Sinclair: Yeah. And you know, what Alistair brought out this morning about Mark—that is melting, that here was a young man…

Bob: Yeah.

Sinclair: And Luke kind of is very gentle about what happened, but clearly, something happened that caused what Luke calls a paroxysm between Paul and Barnabas. And at least as I read it, Paul then replaces Barnabas with Silas, an older and tested servant of God, and then he goes and looks for Timothy to replace Mark. And in that sense, it’s not just that Mark has gone, but in a way, he’s been replaced, and Timothy becomes—well, everything! He’s, you know, Paul’s “beloved son.”[9] And yet in this letter to his beloved son, this melting comment about Mark and that he is “useful” for him,[10] for the ministry—it’s really wonderful.


Bob: I think what’s significant in all of this is that people in the pews or other pastors who are here can look at the three of you and somehow think, “They are at a different level of human existence than I am and don’t have the same insecurities, doubts, the same fears, the same… They don’t second-guess their sermons. They don’t walk away going, ‘Did that go over well?’” And yet we read the Scriptures, and we see the apostles had these feelings. You men have to wrestle with the humanity of this, right?

Rico: Yeah, and I think that with my closer friends… I’m in a group from theological college. I was at college from ’91 to ’94, and a group of five of us have remained friends, and then we meet three times a year on Zoom or in person. But actually, what I find—I mean, at the moment, when I’m talking to them at the moment—is a comment at the start of Tom Brown’s School Days, where it says, “The boy is the father of the man.”[11]

Bob: Yeah.

Rico: And I’m trying to work through my losses of temper over that comment. I think I can suddenly feel myself—like, under pressure, I can return to the fourteen-year-old, who can be a bit punchy if I don’t get my way. And with my wife’s pushing, she’s saying, “You’ve got to talk to them about that.” So I think that the fellowship comes as, actually, you battle the enemy within. I think it’s battling the sinful nature together that almost is—you know, that’s a safe place where I can say, “Look, I’ve got this battle, and I can lose my temper, and that’s actually ministry-severing.” And so, you know…

Bob: A lot of men in ministry don’t have a safe place like that, or don’t feel like they have a safe place like that.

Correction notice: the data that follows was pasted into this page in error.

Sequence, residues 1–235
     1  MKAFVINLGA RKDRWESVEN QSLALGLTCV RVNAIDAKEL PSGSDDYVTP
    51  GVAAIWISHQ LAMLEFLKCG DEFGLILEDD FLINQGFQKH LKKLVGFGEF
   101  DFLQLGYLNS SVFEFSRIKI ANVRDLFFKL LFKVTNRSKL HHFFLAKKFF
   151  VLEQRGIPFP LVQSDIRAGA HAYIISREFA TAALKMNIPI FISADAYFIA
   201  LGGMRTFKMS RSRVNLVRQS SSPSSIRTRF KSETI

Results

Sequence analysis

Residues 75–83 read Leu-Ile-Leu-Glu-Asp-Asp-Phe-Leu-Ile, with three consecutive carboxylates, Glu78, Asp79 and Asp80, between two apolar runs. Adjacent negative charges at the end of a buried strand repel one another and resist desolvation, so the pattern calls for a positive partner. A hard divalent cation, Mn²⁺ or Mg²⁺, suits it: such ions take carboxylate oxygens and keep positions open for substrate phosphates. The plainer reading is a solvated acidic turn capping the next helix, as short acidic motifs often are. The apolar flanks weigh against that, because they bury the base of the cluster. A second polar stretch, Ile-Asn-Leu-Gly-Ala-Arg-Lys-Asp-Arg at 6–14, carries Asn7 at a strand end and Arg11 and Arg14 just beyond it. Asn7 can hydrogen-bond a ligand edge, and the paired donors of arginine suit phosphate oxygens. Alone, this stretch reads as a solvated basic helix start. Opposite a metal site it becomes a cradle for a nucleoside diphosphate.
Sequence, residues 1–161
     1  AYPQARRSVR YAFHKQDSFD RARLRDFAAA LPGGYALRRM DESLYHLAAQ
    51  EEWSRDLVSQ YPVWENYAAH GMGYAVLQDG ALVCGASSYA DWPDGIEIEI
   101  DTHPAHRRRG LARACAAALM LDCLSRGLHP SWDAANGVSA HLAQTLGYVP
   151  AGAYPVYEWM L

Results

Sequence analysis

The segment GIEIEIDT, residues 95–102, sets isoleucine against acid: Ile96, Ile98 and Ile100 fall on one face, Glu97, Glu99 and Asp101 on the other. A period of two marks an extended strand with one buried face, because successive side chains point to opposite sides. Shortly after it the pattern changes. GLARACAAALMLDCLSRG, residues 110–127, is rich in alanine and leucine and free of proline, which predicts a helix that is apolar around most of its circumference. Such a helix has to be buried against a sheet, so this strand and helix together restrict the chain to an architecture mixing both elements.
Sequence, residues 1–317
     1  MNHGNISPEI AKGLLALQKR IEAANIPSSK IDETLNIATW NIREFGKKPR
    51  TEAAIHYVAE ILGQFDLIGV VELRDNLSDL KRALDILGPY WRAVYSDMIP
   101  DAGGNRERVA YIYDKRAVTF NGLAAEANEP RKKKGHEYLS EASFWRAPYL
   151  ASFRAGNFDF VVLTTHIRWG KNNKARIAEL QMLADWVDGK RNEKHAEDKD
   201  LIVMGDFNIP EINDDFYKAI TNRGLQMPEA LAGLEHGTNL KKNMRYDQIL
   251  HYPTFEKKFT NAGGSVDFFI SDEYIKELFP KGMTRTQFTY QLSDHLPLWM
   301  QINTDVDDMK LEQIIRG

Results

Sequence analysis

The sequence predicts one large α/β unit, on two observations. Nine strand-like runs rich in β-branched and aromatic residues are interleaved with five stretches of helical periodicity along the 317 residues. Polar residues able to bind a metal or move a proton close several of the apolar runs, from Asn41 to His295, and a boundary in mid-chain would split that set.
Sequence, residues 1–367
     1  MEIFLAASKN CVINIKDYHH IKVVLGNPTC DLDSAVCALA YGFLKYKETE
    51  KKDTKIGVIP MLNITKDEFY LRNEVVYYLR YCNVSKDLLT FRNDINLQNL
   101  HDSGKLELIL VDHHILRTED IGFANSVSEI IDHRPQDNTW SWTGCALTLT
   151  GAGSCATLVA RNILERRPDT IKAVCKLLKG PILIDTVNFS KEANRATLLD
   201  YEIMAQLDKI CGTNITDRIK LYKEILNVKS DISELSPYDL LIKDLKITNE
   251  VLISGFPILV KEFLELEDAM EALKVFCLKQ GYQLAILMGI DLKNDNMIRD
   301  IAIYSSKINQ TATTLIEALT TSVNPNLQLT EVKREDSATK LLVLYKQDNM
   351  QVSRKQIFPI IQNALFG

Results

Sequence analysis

Rico: Well, I was thinking: With that little group, I think that we call ourselves “Josiah,” ’cause at theological college, to my total shame, I said he was a theological fiction in order to pass an exam. And so we then had to renounce that. And we called it Josiah so that we would never do that again as a five.

Anyway, it’s called the Josiah group. But actually, talking about “The boy is the father of the man” is what I’m thinking about at the moment, in terms of… And I have to get the man to speak to the boy in situations when I can… But they know me well over thirty-five years. And it is great to have them help me unpick that immaturity in working that through. And I think we all find these different things come up as the Lord sanctifies us. But we’ve got a place to chat about that.

Bob: I was struck by the fact, Alistair, that you started this taking us to 2 Timothy 4 and the priority of the faithful preaching of the Word as this exhortation in the last page of what Paul is writing to Timothy, the last letter. I’m wondering: Your appraisal of how we are doing in our faithful exposition in general in the American church as you see it today?

Alistair: I’m not sure I’m qualified to talk beyond the immediacy of things: that most of the people that I am surrounded by, the young fellows that are with me, they’ve decided that they believe this—that they actually believe that the Word of God does the work of God; that one can plant, and another can water; only God can make things grow.[12] As I move from place to place, I keep coming on young men who are convinced of the absolute vitality of Scripture and the necessity of making it known.

With that said, the comment that I made yesterday—and I wasn’t seeking to be unkind, but it was from a very, very good couple who had been with us for a number of years. And they said that going out further west, that they’d gone to, they said, ten different churches. And just going into a place where you have the sense that it is the Scriptures that provide the tiller that is guiding the vessel of the church to navigate the waters—that doesn’t necessarily become apparent unless it is front and central.

And part of that, I think, has to do with the way in which people understand what is happening. That’s why I mentioned Deuteronomy 4, you know: “Assemble the people so that they might hear from me.”[13] If you ask the average person why it is they go to a local church, I’m not sure how many actually will begin by saying, “We go there in order that we might listen to God speak to us through the Bible.” And the pew will never rise higher than the pulpit.

Bob: Pulpit. Yeah.

Alistair: So that the challenge is to those of us who have been entrusted with the responsibility of teaching the Bible.

Bob: Sinclair, it seems to me I often hear pastors using Bible verses or illustrations to try to illustrate a point they’re trying to make rather than using the illustration to say, “Here’s what the Bible is saying.” In other words, they come in with “Here’s the message I want to deliver, and I’ll use the Bible to support that message,” rather than saying, “Here’s what the Bible’s telling us, and now how can I illustrate that?” Those are two very different approaches to how we come at the Scriptures, aren’t they?